Tuesday, 1 March 2011

A 1911 Hansard trawl, featuring verbose MPs, postal orders and a practical joke.

It's those dreadnoughts againAustrian this time:

Mr. BURGOYNE asked whether the right hon. Gentleman could now give the dates upon which the two Austrian "Dreadnoughts" were laid down; and when he anticipates they will be launched and commissioned for service?

Mr. McKENNA The only official information we have respecting the Austro-Hungarian "Dreadnoughts" building is that one will be launched in the middle of this year and another at the end of the year.

A little light excavating reveals that the first Hapsburg Dreadnought was called 'SMS Viribus Unitis', which apparently means 'With United Forces'.  What a profoundly lame name, IMO, although the same source has it being the Emperor's personal motto.  Italian marines sank it in 1918.  Note must be made of the rather surreal disambiguation page for Viribus Unitis which offers the ship or an Italian football team.

'We joined the navy to see the world and what did we see, we saw [a lot of coal]', as this proves:

Mr. BURGOYNE   asked whether any difficulty was experienced in maintaining the requisite numbers in stoker ratings; and whether there is at the moment any deficit in this branch of the service?

Mr. McKENNA The answer to both parts of the hon. Member's question is in the negative.
HMS rather less than Invincible:

Lord CHARLES BERESFORD asked whether the electrical fittings for the gun-mounting of H.M.S. "Invincible" have again broken down; whether these fittings have continually broken down after the guns have been fired; whether H.M.S. "Invincible" has been placed in dock, or in a basin, preparatory to taking out the whole of the electrical gun-mounting fittings and replacing them by hydraulic machinery; whether such an alteration would take at least six months to carry out; and whether he would state to the House the original cost of the electrical gun-mounting fittings for the ship?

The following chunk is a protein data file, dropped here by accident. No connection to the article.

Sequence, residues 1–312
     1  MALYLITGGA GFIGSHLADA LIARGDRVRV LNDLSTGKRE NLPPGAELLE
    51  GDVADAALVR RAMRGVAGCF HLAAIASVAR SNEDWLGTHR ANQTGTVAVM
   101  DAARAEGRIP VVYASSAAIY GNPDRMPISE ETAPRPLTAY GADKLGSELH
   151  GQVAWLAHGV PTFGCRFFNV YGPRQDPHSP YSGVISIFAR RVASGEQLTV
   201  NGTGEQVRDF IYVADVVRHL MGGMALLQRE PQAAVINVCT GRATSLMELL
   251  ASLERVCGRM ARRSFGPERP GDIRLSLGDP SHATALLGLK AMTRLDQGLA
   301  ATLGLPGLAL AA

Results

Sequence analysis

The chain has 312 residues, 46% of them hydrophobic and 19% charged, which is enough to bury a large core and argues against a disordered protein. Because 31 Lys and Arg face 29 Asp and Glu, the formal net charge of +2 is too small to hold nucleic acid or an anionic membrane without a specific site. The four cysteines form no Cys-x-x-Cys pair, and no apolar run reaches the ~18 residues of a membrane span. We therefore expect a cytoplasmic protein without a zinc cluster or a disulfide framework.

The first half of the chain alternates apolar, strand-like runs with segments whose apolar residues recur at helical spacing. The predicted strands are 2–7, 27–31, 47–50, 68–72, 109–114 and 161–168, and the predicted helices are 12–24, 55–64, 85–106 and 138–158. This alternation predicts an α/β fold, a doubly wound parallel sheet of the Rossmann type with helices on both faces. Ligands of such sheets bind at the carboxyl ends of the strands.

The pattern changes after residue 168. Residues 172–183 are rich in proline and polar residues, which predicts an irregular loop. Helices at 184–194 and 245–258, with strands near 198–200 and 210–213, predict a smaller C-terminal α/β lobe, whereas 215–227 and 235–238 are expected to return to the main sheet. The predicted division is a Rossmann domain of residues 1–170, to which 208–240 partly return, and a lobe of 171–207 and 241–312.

Mr. LEE When will this ship be able to take her place among the effective ships of the Fleet?

Mr. McKENNA I think the improvements which are now being effected by the contractors will run concurrently with the long refitting and together they will occupy a period of about three months.
She was sunk at Jutland, with almost total loss of life.

Anyway, to less grim matters:

Mr. CATHCART WASON asked the Prime Minister if, in view of the fact that a column of "The Times" can be spoken in less than fifteen minutes, and the desire of many hon. Members to take part in the Debate, he would give his consideration to the proposal that hon. Members, other than Members of the Government or Front Opposition Bench and leaders of the Irish and Labour parties, desiring to speak should, at the time of handing in their names, state for how many minutes they desire to speak, to which time they would be strictly limited?

The PRIME MINISTER (Mr. Asquith) This is, I think, a novel proposal, and I should like, before further considering it, to have evidence that it meets with something like general support.
I doubt that there are more than a handful of Commons speeches over ten minutes these days.

Meanwhile, Chechnya has long been a less than advisable spot for non-natives:

Mr. MITCHELL-THOMSON asked the Secretary of State for Foreign Affairs whether he has any official information regarding the murder of British subjects at Grosny, in the Caucasian Government of Terek; and whether steps are being taken to bring the murderers to justice?
Mr. McKINNON WOOD  The British Vice-Consul at Rostov-on-Don reported on 23rd February that two British subjects, Messrs. MacGarvey and Bernard, had been murdered by robbers at Grosny on the preceding night. His Majesty's Ambassador at St. Petersburg has been in communication with the Russian Government with a view to the apprehension of the murderers, but I have not yet heard that they have been discovered and arrested.
I get the feeling that Mr Taylor should have declared an interest here, as the question seems a little pointed: